The Douro Valley is without question the most popular, most famous, and most highly respected and imitated of all the Portuguese wine regions. Boisterous, full-bodied and with a great balance of fruit and acidity, these wines are very age-worthy; a few years in a cellar brings forward plenty of subtleties and layers of flavour and aroma from the Touriga Nacional, Touriga Franca, and Tinto Roriz grapes used.
Vinho Verde Rosado
We all know and love Vinho Verde as the eponymous ‘green wine’ with the gentle spritz that goes so well with Portuguese seafood. Not quite so many people are familiar with Vinho Verde Rosado (which confusingly translates as ‘pink green wine’), a rosé version of the classic thirst-quencher made from Alvarelhāo, Amaral, Espadeiro and Borraçal grapes.
These are an absolute delight to drink, and resemble a very refined raspberry lemonade; lots of bright, zesty acidity, juicy berry flavours, and a lightness and sharpness which is just irresistible.
Along the Portuguese-Spanish border, we find the Portuguese wine region of Alentejo. Here, the red wines which are produced more closely resemble those of Spain, and make fine use of the Aragones grape… which is better known as Tempranillo. Alentejo produces another full-bodied, age-worthy red wine made from a blend of local varieties, and which typically displays a deep, savoury character packed with spice, tobacco, leather and earthy flavours alongside those of dark fruit.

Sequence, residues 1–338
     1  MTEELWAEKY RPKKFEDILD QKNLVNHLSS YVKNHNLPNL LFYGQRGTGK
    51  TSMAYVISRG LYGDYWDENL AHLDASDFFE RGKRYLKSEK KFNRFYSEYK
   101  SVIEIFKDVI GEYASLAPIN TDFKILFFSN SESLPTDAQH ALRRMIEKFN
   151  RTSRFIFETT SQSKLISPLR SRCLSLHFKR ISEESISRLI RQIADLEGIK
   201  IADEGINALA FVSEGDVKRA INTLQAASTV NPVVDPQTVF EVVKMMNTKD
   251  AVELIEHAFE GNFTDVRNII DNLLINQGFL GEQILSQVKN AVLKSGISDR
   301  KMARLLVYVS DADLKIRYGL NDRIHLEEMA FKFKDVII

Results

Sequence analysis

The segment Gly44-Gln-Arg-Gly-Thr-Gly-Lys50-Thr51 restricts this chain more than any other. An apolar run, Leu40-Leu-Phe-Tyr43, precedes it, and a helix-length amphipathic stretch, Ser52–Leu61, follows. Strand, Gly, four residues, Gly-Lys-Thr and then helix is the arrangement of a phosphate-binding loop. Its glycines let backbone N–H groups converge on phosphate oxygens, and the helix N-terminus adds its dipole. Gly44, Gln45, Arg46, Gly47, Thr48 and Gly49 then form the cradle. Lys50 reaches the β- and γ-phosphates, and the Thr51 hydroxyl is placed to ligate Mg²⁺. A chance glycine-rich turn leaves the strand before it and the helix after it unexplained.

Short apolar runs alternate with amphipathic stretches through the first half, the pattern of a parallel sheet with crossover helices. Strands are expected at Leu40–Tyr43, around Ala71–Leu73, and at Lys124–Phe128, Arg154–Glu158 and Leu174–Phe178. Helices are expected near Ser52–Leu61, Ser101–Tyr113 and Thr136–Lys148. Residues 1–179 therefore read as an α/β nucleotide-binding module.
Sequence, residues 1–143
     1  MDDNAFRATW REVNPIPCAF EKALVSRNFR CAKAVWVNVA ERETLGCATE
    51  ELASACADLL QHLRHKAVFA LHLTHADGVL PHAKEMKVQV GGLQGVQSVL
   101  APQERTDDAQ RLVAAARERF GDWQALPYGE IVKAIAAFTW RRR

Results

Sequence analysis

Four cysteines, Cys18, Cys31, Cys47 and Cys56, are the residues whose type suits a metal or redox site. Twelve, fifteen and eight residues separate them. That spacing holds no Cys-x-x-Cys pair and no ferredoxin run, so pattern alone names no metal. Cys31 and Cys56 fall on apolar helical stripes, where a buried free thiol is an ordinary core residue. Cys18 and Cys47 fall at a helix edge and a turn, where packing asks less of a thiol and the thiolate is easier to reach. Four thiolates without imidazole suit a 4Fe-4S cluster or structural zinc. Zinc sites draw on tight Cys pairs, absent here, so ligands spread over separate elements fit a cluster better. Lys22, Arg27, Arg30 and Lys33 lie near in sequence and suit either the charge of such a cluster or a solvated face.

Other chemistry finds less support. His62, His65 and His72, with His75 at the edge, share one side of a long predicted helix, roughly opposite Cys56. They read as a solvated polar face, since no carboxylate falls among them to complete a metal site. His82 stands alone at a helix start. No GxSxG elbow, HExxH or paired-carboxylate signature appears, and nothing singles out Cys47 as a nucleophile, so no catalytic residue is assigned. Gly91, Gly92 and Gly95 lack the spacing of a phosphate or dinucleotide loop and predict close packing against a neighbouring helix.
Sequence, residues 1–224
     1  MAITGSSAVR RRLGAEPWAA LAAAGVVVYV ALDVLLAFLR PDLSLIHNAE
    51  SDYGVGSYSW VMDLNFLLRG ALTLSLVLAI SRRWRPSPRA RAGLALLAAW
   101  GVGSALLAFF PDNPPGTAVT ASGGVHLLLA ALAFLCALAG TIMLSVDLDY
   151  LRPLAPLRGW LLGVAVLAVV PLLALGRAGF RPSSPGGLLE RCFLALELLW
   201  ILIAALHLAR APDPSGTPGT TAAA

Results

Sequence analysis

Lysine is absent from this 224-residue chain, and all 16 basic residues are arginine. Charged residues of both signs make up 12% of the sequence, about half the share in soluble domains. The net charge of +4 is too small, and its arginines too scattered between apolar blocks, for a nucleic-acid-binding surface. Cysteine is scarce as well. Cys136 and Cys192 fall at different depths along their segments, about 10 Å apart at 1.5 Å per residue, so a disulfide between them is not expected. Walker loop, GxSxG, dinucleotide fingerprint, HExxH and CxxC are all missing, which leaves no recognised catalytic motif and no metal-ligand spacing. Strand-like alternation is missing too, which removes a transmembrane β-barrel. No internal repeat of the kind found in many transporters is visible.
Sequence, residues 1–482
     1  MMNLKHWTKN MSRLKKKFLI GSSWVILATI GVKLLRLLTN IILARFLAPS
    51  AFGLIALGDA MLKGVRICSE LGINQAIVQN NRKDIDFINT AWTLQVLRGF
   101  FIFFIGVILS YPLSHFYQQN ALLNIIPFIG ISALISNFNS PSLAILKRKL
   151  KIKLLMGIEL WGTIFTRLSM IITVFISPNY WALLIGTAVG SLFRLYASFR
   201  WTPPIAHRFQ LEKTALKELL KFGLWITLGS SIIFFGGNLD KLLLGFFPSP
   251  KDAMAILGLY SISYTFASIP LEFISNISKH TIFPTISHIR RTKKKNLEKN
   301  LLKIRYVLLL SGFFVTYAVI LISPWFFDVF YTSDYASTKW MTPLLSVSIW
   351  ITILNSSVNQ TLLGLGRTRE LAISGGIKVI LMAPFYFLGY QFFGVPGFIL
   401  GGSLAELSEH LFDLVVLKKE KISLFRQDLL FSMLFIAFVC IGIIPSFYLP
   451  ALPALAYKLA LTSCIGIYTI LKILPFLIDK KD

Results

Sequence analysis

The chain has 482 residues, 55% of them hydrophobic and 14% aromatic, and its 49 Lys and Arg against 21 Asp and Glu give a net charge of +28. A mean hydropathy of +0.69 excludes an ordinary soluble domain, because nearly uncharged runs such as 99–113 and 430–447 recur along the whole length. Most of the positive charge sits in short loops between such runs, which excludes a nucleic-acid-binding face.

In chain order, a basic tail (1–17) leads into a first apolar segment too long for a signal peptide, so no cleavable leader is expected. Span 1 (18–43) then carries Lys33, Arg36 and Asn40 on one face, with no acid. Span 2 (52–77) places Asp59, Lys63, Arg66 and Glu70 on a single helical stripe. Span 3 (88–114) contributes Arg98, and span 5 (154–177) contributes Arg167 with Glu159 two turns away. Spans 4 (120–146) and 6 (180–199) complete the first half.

Alenquer wines hail from the vineyards which rise on the hills around Lisbon, the country’s capital. Although not currently well known internationally, the recent boom in tourism to Lisbon may see this quickly change. Alenquer is tannic, highly concentrated and bursting with character, and is typically made from a blend of grapes including Touriga Nacional, Alfrocheiro, Aragones and Castelao.
Many wine experts are pointing to the Beira Atlantico Portuguese wine region as the home of the next big thing to come out of this country. It is here we find the highly varied red Tinto Bairrada wines, which are full bodied and highly acidic when young, but which age to produce remarkably elegant, fruity numbers which are a true delight to drink.
A Brief History of Portuguese Wine
As is the case in many of the Old World wine producing countries, the precise origins of Portugal’s wine industry are shrouded in speculation, and lost in the mists of time. Most historians nowadays think that the first Portuguese vines would have been cultivated around 4,000 years ago, by the ancient Tartessian people.